What Are Asian ICOs Doing With Their ETH?

What Are Asian ICOs Doing With Their ETH?

by August 18, 2018

Initial coin offerings (ICOs) have become a popular way for cryptocurrency and blockchain startups to raise funds. During an ICO, the company sells a certain amount of crypto-tokens at a set cost prior to listing the token on an exchange. Then, the company uses the money from the ICO to fund development and operations.

The practice boomed in 2017 and continues to attract huge amounts of funding in 2018 despite the cryptocurrency market being down. Since the start of the year, the price of bitcoin has fallen by more than 50% cutting mote than US$100 billion from its market capitalization. Ethereum has similarly plunged, and in the past month alone, the cryptocurrency shed nearly US$11 billion in market capitalization and lost 50% in only 1 month!

Despite the bloodbath, an astonishing US$7.6 billion has been invested in ICOs so far this year. In comparison, ICOs raised a total of US$3.8 billion in the whole of 2017 and less than US$100 million in 2016.

But now, evidences show that some ICOs are moving, at least part of their holdings, and cashing out. Ran Neu-Ner, a crypto investor and fund manager, tweeted earlier this month:

“Spent the morning with an ICO (not to be named) they raised US$30 million with a solid roadmap, they raised when ETH was US$1200. They panicked and sold their remaining ETH last night – they have US$4 million left.”

The sudden drop of Ethereum this week might also be linked to this trend. Many analysts including Eric Wall, a lead cryptocurrency researcher at fintech company Cinnober, said that blockchain projects that raised hundreds of millions of dollars in Ethereum in the past year dumped the cryptocurrency on the public cryptocurrency exchange market, creating a domino effect across all major exchanges.

Wall wrote in a tweet:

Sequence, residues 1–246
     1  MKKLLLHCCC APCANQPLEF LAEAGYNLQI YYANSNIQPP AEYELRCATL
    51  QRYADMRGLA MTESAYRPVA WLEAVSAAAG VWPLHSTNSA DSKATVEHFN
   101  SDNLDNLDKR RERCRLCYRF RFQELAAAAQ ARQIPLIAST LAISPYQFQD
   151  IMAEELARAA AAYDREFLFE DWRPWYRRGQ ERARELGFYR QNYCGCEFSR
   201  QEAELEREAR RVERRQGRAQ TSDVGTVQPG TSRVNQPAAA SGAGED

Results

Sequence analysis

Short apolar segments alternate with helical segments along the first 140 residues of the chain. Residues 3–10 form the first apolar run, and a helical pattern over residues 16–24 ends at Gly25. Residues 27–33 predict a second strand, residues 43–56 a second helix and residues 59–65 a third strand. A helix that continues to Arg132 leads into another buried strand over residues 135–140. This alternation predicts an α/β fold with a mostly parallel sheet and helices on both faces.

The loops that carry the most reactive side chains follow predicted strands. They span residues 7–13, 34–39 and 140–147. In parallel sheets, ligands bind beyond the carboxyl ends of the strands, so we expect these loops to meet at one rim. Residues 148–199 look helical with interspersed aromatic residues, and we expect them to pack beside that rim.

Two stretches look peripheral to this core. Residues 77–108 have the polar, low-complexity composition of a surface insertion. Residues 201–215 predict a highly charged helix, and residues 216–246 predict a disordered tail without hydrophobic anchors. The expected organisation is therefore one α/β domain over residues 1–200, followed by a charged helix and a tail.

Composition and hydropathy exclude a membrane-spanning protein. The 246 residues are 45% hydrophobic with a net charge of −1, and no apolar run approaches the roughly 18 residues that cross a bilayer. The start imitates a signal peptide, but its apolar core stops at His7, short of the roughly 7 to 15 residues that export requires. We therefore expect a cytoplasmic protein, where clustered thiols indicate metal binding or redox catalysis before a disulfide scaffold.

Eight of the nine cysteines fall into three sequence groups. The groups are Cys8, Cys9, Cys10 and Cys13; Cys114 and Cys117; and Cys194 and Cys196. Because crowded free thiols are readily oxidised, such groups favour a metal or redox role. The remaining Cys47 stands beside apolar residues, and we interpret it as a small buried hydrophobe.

“The problem when you give millions of $ETH to $ETH competitors is that they can unload the $ETH on the spot market and short $ETH on the futures market before that, so they’re not only securing the funding but also manipulating the underlying spot market in favor of their shorts.”

Data by Santiment, which tracks ICOs, show that in Asia, Singapore-based QASH and TenX, and Indonesian Pundi X, have not sold or moved any of their ETH in the past month. The companies raised US$106 million, US$79.51 million, and US$35 million respectively.

Meanwhile, Singapore-based Cofound.it, Kyber Network, and Fusion, have either moved or sold 6,340 ETH, 2,000 ETH, and 859 ETH, after raising US$14 million, US$50 million, and US$44 million in their token sale respectively.

ICOs have grown in popularity in the past year, opening up access to early-stage investments to retail investors, and in fact, many of these have generated great returns including IOTA (3,967x), Ethereum (2,170x), NEO (2,000x), and Stratis (841x).

But a recent study by researchers from Boston College (BC) found that successful ICOs are actually quite rare. The research looked at more than 4,000 ICOs that raised a collective US$12 billion, most of that since January 2017, and found that more than half of ICO-funded startups fail within four months.


Featured image: Cryptocurrency, MaxPixel.net.